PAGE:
Beacon Journal staff report
- Doctors urge caution as thermometer drops
- Ohioans suffer through second day of cold blast
- Area closings and delays
- Warming centers, other facilities open during cold spell
- Line rupture spills water on roads in Ohio capital
- Frigid temperatures, dangerous wind chill force numerous cancellations
- Homeless shelter prepares for rise in clients as temperatures drop
- Construction industry adjusts to cold conditions
- Stow providing shelter for residents without heat
- U.S. power grid operator urges electricity conservation due to cold weather demand
- Dominion East Ohio Gas asks western Ohio customers to conserve
- Cleveland casino to reopen Tuesday afternoon
- AAA flooded with calls from stranded motorists
- How to prevent and deal with frozen pipes
- Cold weather could extend holiday break for schools
- Weather leads Ohio Senate panel to cancel meeting
- Wind chill warning expires across region Wednesday
- Polar freeze settles over South, East
- Amid cold, students get early entry to Ohio State-Michigan State basketball game
- Jan. 25, 1985, was Ohio record for wind chill with readings of 70 to 80 degrees below zero
- Cold leaves snowy TV reception for some Time Warner customers
- Frigid temperatures break records in Akron area
- Utilities urge customers to cut back on electricity and natural gas use
The cold weather took its toll on flights at Cleveland Hopkins International Airport and has had a more limited impact at Akron-Canton Airport.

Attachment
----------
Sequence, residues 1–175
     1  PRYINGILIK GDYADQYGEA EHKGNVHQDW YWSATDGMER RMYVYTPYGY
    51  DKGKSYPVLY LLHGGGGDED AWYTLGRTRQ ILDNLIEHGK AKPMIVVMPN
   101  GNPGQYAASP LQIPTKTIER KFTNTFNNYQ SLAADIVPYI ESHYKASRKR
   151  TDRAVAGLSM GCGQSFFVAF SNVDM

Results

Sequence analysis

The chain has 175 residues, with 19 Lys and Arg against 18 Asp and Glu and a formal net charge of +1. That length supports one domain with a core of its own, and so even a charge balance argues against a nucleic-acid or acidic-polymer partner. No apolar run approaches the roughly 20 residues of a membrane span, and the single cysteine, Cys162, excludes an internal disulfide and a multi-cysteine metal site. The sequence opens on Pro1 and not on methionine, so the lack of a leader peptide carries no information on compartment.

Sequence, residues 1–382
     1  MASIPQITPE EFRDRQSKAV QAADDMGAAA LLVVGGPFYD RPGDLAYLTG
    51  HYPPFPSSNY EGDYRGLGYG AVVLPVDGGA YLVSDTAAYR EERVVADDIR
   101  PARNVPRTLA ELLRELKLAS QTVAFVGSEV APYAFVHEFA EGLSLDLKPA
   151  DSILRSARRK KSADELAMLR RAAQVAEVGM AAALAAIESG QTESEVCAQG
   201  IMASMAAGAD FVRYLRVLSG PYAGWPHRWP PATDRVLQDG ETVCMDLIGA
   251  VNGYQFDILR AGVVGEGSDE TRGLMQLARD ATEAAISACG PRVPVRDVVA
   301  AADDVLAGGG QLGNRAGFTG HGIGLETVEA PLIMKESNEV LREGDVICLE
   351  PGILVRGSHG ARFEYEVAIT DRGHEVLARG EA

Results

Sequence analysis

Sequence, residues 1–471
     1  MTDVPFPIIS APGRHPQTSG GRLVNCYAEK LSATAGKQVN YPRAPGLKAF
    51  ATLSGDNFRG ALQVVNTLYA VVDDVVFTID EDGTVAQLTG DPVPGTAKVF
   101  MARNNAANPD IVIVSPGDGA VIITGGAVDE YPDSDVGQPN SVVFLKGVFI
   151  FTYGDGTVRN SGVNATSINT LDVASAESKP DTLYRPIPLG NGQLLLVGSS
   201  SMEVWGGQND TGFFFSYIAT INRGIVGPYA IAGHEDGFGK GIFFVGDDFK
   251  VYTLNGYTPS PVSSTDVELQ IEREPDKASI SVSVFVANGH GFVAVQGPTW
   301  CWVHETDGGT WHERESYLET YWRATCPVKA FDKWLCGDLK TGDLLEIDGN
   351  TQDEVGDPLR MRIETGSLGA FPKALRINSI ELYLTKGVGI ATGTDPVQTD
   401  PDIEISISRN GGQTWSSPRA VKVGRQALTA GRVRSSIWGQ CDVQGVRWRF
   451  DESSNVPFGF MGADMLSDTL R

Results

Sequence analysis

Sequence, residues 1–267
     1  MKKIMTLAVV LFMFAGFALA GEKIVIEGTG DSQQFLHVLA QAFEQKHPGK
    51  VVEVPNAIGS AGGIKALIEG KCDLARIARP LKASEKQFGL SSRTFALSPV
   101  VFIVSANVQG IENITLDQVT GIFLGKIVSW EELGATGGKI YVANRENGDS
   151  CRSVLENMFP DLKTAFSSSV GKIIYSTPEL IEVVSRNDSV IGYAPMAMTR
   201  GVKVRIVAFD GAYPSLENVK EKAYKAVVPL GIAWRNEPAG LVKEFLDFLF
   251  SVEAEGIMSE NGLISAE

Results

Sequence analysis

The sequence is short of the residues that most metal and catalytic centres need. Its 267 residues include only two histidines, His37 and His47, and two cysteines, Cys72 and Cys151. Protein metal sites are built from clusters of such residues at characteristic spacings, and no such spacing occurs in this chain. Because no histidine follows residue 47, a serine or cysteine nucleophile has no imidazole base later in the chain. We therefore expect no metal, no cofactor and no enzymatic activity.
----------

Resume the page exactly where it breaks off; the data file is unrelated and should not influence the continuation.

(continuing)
The cancellations were not due to weather conditions in Northeast Ohio, but in other parts of the country that were experiencing the cold and snow, including Chicago, New York and Detroit, airport officials said.
At Hopkins, a little more than 200 flights were cancelled on Tuesday, about the same number as Monday, said airport spokeswoman Jackie Mayo.
The flights were pre-canceled, many before the storms and cold fronts hit, by the airlines, said Mayo.
The airlines began pulling down flights and delaying flights where the bad weather was expected, said Mayo.
“It’s a giant ripple effect,” she said.
While several airlines had delays and cancellations, the majority of the flights canceled at Hopkins were by United since the airport is a hub, Mayo said.
Hopkins was running at about 70 percent of normal capacity on Tuesday, Mayo said, mostly to destinations that are not affected by the frigid weather.
Mayo said because the cancellations were before flights took off and because travelers have alerts and can check on flights, there were very few travelers stranded at the airport.
At Akron-Canton Airport, the airlines were operating at about 90 percent capacity, said spokeswoman Kristie Van Auken.
Van Auken said the delays and cancellations have been small, “which I think is really great, in spite of the weather.”
Van Auken said most of the flights canceled or delayed have been United flights going to Chicago.
“Its a system wide issue,” she said.
The planes that have been taking off have been de-iced and prepared and planes these days are designed to be cold-weather machines, she said.
“They’re flying up at 50,000 feet — it’s cold up there. The airplanes themselves are pretty hearty. Thankfully, our airline operations crews are also hearty,” she said. “It’s definitely a cold, miserable job.”